The point here is not to go deep into Voros' theory; many, many articles have been written, there have been dozens of insights and counter-theories launched by Voros' work. One my favorites: Tom Tango came up with the Defensive Responsibility Spectrum. He breaks down every type of play on the baseball diamond, with the responsibility moving from left (all pitcher's responsibility, such as HBPs) to right (all fielders' responsibility, such as outs made on the bases).

Here you go, the spectrum, to be clipped and put on your refrigerator door:

100% Pitcher -- hit by pitch, balk, pickoff, strikeout, walk, homer, wild pitch, stolen base, caught stealing, double, triple, single, batting outs, passed balls, base running outs -- 100% defense.

But let's move on -- Voros' work led directly to one of the most prominent advanced stats going, one you undoubtedly know well, Fielding Independent Pitching, or FIP.

FIP is basically a way to turn a pitchers' strikeouts, walks and homers allowed into an easy-to-digest ERA form.

The formula is quite elegant, I think:

((HR*13) + (3*BB+HBP) - (2 * K)) / IP) + C

Let's do Nola.

He allowed 17 home runs. Multiply that by 13, you get 221.

He walked 58 and hit seven more. Multiply 65 by three, you get 195, so your total is 416.

Now subtract strikeouts times two; Nola had 224 strikeouts, so that's 448 to subtract.

You get a negative number (416 - 448 = -32). That's what you want in a pitcher: The lower the number the better. Anyway, then there's a little math -- you divide the final number by innings pitched and then you add the C, the Constant, just to make it look like ERA. The constant in 2018 was 3.161.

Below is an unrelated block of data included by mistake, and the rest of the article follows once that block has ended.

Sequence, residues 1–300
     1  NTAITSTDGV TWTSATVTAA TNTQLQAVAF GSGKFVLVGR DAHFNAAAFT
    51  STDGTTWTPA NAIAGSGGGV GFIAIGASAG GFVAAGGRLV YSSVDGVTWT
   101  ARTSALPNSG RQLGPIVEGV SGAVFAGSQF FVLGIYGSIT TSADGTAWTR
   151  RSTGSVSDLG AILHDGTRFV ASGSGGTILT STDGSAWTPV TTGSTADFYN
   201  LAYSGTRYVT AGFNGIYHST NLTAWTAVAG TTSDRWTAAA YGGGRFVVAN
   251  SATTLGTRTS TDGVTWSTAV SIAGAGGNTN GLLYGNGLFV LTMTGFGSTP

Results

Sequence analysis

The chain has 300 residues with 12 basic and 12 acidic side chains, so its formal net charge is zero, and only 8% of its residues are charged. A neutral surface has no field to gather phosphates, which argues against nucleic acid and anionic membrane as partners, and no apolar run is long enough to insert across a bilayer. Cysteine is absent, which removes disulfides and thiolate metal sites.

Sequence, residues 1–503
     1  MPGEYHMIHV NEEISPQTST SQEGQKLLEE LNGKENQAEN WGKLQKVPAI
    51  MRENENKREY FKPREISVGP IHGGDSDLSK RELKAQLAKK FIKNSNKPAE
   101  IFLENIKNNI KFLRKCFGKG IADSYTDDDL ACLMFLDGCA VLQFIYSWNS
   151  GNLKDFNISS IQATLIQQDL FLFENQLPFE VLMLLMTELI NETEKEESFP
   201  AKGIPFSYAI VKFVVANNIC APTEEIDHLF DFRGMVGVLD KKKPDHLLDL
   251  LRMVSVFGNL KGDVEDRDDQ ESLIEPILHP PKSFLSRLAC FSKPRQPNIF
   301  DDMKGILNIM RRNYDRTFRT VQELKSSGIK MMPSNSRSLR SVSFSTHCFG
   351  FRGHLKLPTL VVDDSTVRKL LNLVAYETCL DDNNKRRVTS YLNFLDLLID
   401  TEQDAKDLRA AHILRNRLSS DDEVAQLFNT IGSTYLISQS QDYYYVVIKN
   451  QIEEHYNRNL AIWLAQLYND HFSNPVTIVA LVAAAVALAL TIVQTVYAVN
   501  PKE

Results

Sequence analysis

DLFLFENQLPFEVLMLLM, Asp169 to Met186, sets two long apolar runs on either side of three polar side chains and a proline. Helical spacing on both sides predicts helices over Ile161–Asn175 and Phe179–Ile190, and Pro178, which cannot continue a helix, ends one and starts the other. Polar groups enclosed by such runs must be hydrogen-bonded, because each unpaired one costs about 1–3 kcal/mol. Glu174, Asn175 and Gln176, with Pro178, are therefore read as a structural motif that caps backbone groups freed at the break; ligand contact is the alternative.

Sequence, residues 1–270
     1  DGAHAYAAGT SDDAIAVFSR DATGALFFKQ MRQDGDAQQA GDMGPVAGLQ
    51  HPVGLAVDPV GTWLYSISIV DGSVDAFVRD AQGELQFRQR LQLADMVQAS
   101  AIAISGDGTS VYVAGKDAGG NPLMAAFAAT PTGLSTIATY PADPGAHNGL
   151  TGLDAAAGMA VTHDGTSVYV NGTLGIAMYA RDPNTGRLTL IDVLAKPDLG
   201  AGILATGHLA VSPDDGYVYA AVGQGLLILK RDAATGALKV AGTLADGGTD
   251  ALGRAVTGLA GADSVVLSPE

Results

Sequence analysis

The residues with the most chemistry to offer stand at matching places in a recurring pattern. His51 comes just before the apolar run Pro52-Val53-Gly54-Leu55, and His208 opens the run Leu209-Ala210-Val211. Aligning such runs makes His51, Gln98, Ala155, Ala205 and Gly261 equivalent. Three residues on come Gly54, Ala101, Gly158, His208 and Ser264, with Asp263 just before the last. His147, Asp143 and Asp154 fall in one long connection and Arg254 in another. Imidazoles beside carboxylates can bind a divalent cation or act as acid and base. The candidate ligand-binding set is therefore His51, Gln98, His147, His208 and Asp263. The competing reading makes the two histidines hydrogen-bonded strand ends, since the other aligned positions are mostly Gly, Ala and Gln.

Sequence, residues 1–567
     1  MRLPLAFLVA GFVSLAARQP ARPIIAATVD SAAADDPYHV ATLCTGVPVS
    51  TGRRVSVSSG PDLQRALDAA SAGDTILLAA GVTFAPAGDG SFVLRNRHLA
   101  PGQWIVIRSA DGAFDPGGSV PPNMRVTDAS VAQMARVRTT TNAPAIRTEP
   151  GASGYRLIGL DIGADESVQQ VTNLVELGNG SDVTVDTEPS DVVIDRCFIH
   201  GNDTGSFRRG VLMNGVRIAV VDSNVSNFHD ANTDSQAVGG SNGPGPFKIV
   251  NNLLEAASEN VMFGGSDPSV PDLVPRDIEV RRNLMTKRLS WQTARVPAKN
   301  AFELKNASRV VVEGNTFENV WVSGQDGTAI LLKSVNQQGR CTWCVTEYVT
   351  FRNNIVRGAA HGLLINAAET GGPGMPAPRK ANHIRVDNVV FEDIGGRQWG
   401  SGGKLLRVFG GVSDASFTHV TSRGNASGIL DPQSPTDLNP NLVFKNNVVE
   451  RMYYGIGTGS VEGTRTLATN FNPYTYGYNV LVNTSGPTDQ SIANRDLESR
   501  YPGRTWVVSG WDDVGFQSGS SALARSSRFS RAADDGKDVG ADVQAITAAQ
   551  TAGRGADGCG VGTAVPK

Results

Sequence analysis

Nola's FIP in 2018 was 3.01. It ranks him 10th in baseball.

That's a very good FIP ... but you'll notice that it's not nearly as good as his 2.37 ERA. It's always good to compare FIP to ERA, because that tells you just how much of a pitcher's success/struggles were due to balls in play. Nola's ERA being so much better than his FIP suggests that he:

A. Got lucky B. Had good timing C. Had good defense behind him D. All or some of the above

And that's one way to separate pitcher from defense. But you know the problems with that. FIP is built on the theory that pitchers have NO control on balls in play, and that probably goes too far. It has been shown that pitchers do have some control, for instance, on the types of hits they give up, whether they're fly balls or ground balls. A Nola fan could argue persuasively that the fact that Nola had one of the game's best BABIPs should not be simply written out of his performance.

Or a Nola fan could simply point to Baseball Reference.

Because according to Baseball Reference, Aaron Nola had an extraordinary, amazing, bonkers 2018 season.

* * *

Here now are the Top 5 pitching seasons by Baseball Reference's Wins Above Average:

No. 1: Dwight Gooden in 1985 (9.8 WAA). He went 24-4, led the league in wins, ERA, innings and K's.

No. 2: Pedro Martinez in 2000 (9.7 WAA). Remember that year? Pedro had a 291 ERA+, a 1.74 ERA, a 284-to-32 strikeout-to-walk ratio.

No. 3: Roger Clemens in 1997 (9.5 WAA). The comeback year, the stick-it-in-Boston's-ear year; he went 21-7 with a 2.05 ERA, led the league in wins, innings, strikeouts, ERA+, etc.

No. 4: Steve Carlton in 1972 (9.3 WAA). One of the most famous seasons in baseball history; Lefty won 27 when his team won just 59, he led the league in basically every category.

No. 5: Aaron Nola, 2018 (8.8 WAA).

OK, so seriously: What gives? How in the WORLD does Aaron Nola's 2018 season -- a good season as I said -- rank fifth in the last half-century-plus, ahead of every single Bob Gibson season, every Tom Seaver season, every Randy Johnson season, every Greg Maddux season, every Sandy Koufax season?

Are we missing something?

Are THEY missing something?